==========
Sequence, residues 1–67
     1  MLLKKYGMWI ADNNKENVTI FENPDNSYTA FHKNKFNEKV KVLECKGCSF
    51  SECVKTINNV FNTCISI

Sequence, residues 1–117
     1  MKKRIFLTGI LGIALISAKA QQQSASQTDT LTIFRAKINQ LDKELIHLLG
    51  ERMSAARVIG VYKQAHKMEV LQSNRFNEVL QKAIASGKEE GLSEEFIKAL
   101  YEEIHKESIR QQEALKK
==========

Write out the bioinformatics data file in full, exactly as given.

Sequence, residues 1–67
     1  MLLKKYGMWI ADNNKENVTI FENPDNSYTA FHKNKFNEKV KVLECKGCSF
    51  SECVKTINNV FNTCISI

Sequence, residues 1–117
     1  MKKRIFLTGI LGIALISAKA QQQSASQTDT LTIFRAKINQ LDKELIHLLG
    51  ERMSAARVIG VYKQAHKMEV LQSNRFNEVL QKAIASGKEE GLSEEFIKAL
   101  YEEIHKESIR QQEALKK